Natsuki eventually decides to join Tsutomu on his pilgrimage (Narra-note 2). Why does she joins this strange man on his pilgrimage? Is it because he resembles her late father or because she identifies with the fact that he is searching? And how will this joined pilgrimage with Tsutomu affect Natsuki? Can her interactions with him on her own impromptu pilgrimage instigate the kind of subjective shift she is looking for? And, turning to Tsutomu, what is his reason for doing the Henro? Does he have a dream? Can he, if he has a dream, still find a way to realize his dream and attain some form of happiness?
The composition of Stone Steps – a balanced mix of static and dynamic moments, offers beautiful shots of scenery, revealing not only the hidden beauty of the Kojima area and the stain of industrialization on natural landscapes, but also how man-made structures (e.g. the Seto Ohashi Bridge) fluidly blend with the surrounding nature (e.g. Seto-inland sea, forested hills, …etc.) aw well as the elegance of the Buddhist temples preserving a certain religious but also architectural and artistic tradition. Kuwata’s composition does have some unnecessary shot-transitions – i.e. certain cross fades, and some strange cuts. Luckily, these uncommon decorations do not complicate the pleasant flow of the composition or the pleasure of the spectator.
The pleasant musical accompaniment that opens the narrative is effective in highlighting that, despite touching upon some serious problems – be it social, subjective, or medical, the overall feel of the narrative will be light-hearted and positive. The occurrence of light-hearted moments within the narrative are not only effective in putting a smile on the spectator’s face, but also allows Kuwata to deliver his message about finding a dream to chase in an uplifting manner.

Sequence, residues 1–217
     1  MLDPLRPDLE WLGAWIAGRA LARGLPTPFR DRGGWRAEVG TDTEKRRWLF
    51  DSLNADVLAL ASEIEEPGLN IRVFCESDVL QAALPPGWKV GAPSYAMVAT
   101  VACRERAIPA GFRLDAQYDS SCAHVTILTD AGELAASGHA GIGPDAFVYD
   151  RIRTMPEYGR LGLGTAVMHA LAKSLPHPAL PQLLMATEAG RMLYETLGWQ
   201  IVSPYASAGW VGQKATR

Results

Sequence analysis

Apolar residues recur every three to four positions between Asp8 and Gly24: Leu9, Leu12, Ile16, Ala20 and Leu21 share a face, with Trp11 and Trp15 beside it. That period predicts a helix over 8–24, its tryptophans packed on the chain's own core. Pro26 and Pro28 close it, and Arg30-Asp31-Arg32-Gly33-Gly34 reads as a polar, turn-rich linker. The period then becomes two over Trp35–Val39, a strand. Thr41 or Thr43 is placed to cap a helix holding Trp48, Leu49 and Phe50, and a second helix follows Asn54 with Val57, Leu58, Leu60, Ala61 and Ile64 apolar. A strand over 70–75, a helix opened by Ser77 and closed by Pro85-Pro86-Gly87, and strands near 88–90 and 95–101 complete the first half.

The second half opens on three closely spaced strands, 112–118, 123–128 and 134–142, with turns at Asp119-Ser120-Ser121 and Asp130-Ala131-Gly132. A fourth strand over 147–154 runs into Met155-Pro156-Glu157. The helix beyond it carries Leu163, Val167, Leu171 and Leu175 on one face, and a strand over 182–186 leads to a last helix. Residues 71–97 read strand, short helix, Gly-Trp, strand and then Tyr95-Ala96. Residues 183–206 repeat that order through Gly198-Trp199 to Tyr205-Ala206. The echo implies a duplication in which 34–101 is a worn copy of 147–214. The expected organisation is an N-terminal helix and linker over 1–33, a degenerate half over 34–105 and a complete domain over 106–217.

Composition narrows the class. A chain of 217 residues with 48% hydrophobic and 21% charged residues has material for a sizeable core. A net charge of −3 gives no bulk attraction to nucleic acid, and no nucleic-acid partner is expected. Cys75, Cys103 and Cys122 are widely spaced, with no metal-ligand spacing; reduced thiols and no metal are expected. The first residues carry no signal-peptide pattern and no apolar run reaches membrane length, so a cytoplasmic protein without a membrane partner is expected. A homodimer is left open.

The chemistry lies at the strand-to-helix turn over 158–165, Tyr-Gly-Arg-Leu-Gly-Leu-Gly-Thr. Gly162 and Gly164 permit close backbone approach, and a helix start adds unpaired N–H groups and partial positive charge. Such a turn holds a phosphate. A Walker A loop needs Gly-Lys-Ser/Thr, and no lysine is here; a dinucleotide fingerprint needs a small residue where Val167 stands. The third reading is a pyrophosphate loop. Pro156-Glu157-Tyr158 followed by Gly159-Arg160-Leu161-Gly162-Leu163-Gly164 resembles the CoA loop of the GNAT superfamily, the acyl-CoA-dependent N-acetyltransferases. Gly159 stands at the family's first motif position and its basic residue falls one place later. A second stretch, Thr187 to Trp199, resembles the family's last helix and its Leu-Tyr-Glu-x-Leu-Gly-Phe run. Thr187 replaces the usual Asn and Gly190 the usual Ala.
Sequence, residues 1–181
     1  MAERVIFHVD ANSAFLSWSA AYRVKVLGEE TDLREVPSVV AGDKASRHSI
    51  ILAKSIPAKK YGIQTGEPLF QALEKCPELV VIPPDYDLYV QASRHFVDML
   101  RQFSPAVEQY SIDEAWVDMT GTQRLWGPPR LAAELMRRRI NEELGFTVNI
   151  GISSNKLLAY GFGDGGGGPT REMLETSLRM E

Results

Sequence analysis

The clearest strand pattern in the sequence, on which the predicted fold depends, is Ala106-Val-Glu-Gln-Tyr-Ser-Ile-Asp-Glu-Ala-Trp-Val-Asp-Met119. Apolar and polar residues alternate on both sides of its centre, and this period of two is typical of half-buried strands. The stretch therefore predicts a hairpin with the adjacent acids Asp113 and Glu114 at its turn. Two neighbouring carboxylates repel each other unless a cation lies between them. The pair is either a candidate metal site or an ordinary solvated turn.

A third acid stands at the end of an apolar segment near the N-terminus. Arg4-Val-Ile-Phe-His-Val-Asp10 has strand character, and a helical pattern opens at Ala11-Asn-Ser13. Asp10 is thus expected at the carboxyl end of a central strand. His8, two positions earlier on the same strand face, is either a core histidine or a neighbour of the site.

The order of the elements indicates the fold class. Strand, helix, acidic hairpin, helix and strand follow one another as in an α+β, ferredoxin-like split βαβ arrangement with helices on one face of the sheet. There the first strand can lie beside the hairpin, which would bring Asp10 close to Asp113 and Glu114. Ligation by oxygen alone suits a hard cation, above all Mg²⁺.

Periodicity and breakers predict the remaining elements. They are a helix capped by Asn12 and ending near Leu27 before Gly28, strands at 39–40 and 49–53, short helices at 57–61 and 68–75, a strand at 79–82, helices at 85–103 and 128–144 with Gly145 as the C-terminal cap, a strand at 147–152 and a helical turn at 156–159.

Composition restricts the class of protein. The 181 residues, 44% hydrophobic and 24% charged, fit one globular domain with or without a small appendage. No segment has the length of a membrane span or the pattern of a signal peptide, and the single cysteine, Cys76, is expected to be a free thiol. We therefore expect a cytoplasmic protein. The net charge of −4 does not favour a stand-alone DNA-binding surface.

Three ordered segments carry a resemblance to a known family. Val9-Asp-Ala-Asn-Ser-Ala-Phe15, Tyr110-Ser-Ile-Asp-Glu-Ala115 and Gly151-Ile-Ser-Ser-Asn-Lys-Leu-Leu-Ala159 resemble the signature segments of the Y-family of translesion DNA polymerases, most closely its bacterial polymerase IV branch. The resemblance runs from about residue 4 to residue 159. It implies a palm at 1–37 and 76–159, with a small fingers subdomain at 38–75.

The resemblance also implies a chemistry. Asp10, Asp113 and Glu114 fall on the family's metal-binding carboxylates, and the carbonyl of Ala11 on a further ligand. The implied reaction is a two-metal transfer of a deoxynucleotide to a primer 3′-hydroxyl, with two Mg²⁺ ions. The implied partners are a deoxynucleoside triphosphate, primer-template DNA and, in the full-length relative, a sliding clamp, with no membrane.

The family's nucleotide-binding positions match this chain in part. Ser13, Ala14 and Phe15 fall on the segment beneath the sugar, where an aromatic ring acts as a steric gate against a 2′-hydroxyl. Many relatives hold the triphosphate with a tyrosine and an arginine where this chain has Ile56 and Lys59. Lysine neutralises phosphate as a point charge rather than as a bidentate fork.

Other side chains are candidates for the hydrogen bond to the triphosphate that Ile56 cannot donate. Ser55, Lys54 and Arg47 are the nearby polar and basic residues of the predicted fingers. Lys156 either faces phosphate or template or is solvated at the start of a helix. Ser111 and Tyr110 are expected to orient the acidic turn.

Stone Steps is a great indie narrative that elegantly introduces Kojima, a place of hidden beauty off the beaten path, to the spectator, and smartly utilizes the conflict between the traditional Other and the young-subject-that-dreams to highlight the need for the parental and the traditional Other to aid the subject to embark on the path of his own desire.
General-note 1: Kuwata also underlines the contemporary problem of Japanese youth not finding a dream or a desire. The importance of having a dream is, in a certain sense, in decline.
Language-note 1: The standard Japanese word for a pilgrimage is junrei, but around the shikoku area, it is called henro.
Narra-note 1: Later in the narrative, it is elegantly revealed that Natsuki’s desire is the desire of the Other, the desire she perceived her late father had for her.
Narra-note 2: When Natsuki asks why he does the pilgrimage, he answers that is beneficial because we can along with Kukai/Koubou-taishi. Kukai or Koubou-taishi is one of the best-known and most-beloved Buddhist saints in Japan and the founder of the Shingon (“True Word”) school of Buddhism.